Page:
by Geoff Bailie
It’s a challenge that faces many bands in the genre: you have a significant, iconic back catalogue, audiences who will happily pay to attend your shows having accepted significant line up changes but… what about studio albums? This is a dilemma that Kansas, Yes and many others have faced over the last 20 years as the dynamic of the music business has morphed on account of technology and audience demands. 1984’s live album, Caught in the Act was the marker for the start of fluctuations in the life of Styx, with the 30+ years between then and 2017’s The Mission producing only 3 studio albums of original material. Perhaps that makes it surprising that such a short time later, we have Crash of the Crown, another new studio album about to be released. The Mission was easily the best album the band had produced since the 80s, so let’s see how the follow up measures up…
Well, I’ll cut to the chase: with Crash of the Crown, the band has captured the essence of the band’s greatest musical moments and crafted a classic album that transcends these times. No, it’s not the Co-Vid album because, as the band have said, most of the writing and some of the recording was completed before lockdown. However, the key to great lyric writing is producing words with universal applicability – on that basis, I think many will find this to be an album that speaks to the times but won’t sound like a historic piece when revisited in the future.
For me, one of the strengths of The Mission was the band demonstrating that musical inventiveness and creativity doesn’t need to mean epic length tracks (the longest track here is 4:00 mins long). “The Fight Of Our Lives” kicks things off with a proggy intro of less than 30 seconds, before the magnificent signature vocals of the band kick in, declaring “We will not give in!”… and they’re off! Four part and five part harmonies are something this band takes in its stride and they standout throughout this album. Tommy Shaw’s vocals lead “A Monster”, a track where just when you think you know where it’s going, takes a left turn into a mid section powered by acoustic guitars and mandolins! Todd Sucherman gets a quick drum solo before a dive-bombing JY guitar solo takes us home. The musical inventiveness within this track that lasts for less then three and half minutes is mindblowing. Credit must go to both the band and “seventh man”, producer Will Evankovich, who himself contributes guitars, keyboards, percussion and vocals.
New boy (!) Lawrence Gowan leads “Reveries” and once again, the band’s playing, singing and full range of skills are all on display as the music segues to “Hold Back The Darkness”. With three powerful lead vocalists, the band can craft superb dynamics – an example being this song which begins with Gowan’s voice accompanied by acoustic guitar, before Tommy Shaw’s voice picks up verse 2 with a darker more melancholic edge. An unexpected guest spot from Winston Churchill launches “Save Us From Ourselves”, with Tommy Shaw sounding almost like Don Henley on this one.
The title track is the first time in their catalogue that a Styx track has featured three lead vocalists… JY’s moody baritone gives way to some furious Hammond organ, kicked into touch by a Shaw-led disco section (yes indeed!) , and a classical piano segment; Brian May style multitrack guitar follows, with a vocoder feature and Gowan conjuring memories of Mr Mercury in the final vocal piece. When you see it written down, you could conclude it’s an “everything including the kitchen sink” approach but in fact the shifts and changes in this track are perfectly executed… and they prove to be a great contrast to the more straightforward “Our Wonderful Lives” which follows. Styx with banjos works completely well in this stripped back sing/ clap along track which is as understated as the previous track was overblown – and a shout out to founder Chuck Panozzo’s bass on this one!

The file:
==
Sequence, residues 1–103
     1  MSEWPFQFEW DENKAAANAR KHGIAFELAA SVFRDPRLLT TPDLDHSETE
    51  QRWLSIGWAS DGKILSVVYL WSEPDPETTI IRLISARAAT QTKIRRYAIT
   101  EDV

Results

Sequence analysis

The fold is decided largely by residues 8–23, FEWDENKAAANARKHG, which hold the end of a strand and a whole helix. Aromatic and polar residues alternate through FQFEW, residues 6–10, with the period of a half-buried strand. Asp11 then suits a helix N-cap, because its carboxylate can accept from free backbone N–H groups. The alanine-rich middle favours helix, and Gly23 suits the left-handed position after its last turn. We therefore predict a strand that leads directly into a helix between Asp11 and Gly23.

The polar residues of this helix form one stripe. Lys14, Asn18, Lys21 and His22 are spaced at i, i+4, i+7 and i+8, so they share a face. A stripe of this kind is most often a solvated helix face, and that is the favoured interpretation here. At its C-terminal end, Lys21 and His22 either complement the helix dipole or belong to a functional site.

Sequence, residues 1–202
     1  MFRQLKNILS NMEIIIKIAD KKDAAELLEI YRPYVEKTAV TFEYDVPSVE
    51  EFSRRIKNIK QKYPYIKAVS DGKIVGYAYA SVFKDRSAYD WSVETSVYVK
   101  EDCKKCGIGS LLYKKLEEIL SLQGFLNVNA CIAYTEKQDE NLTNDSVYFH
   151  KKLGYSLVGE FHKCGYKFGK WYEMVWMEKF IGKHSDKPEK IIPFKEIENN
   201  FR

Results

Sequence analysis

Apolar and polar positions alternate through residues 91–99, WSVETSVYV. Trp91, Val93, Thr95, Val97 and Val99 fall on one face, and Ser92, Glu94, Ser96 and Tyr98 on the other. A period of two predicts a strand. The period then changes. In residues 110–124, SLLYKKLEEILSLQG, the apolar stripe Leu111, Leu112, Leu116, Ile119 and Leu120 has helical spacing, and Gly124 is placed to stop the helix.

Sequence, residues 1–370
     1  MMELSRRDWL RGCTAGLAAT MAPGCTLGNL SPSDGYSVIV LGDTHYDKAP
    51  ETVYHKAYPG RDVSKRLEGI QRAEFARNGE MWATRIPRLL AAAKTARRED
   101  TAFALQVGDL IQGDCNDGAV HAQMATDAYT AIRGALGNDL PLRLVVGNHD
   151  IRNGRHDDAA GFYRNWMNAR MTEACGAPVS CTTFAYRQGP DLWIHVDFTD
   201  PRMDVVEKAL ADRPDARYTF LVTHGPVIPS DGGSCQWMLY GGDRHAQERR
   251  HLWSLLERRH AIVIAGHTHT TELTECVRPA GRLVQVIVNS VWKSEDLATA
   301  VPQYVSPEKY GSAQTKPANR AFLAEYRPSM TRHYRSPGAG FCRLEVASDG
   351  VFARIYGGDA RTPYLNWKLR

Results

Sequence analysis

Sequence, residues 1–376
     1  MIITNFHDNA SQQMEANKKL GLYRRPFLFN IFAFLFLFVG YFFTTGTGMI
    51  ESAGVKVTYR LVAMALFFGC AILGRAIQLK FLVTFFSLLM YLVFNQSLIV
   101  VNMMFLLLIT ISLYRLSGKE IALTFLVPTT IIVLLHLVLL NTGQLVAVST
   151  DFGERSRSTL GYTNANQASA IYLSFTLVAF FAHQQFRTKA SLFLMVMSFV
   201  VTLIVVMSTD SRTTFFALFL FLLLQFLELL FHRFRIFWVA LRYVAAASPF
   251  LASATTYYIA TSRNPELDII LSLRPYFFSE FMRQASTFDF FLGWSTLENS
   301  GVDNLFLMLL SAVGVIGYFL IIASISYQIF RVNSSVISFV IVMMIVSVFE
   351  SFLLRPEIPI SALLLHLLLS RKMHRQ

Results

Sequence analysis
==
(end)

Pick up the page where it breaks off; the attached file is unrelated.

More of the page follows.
The second half, it feels, opens with the Moog intro to “Common Ground”, which is packed full of signature Styx elements, and is followed by “Sound The Alarm” which features some great Shaw/ Gowan duet moments. The short but inventive “Long Live The King” has entirely different sound, including a great 12-string electric guitar riff. The album itself does have an underlying concept of the light at the end of the tunnel, and the dark situations which we sometimes have to go through to reach it. So you have “Long Live The King” among the songs which touch on the more historic aspects, and the Indian-influenced “Coming Out The Otherside” being a very explicit statement of the concept.
Before the closing orchestrations of “Another Farewell”, we have a dazzling “Styx-In-A-Song” epic in “To Those”. Sucherman’s Moon-like drumming on the verse, with Gowan hitting the top of his range is a stand out album moment. The song builds to a majestic chorus and a “stand and be counted” rallying cry.
For a band approaching 50 years since formation, it’s clear that even a global lockdown, cannot hold this line up back. The fresh ideas, creative arrangements and incredible instrumentation are still coming thick and fast and I would go so far as to say this album stands as one of the very finest in their catalogue.
Order it here and at Styxworld.com.
Released on June 18th, 2021
Key Tracks: Reveries, Save Us From Ourselves, Crash of the Crown
1. The Fight of Our Lives
2. A Monster
4. Hold Back the Darkness
5. Save Us from Ourselves
6. Crash of the Crown
7. Our Wonderful Lives
8. Common Ground
9. Sound the Alarm
10. Long Live the King
11. Lost at Sea
12. Coming Out the Other Side
13. To Those
14. Another Farewell
Line-up / Musicians
James “JY” Young / lead vocals, guitars
Tommy Shaw / lead vocals, guitars
Chuck Panozzo / bass, vocals
Todd Sucherman / drums, percussion
Lawrence Gowan / lead vocals, keyboards
Ricky Phillips / bass, guitar, vocals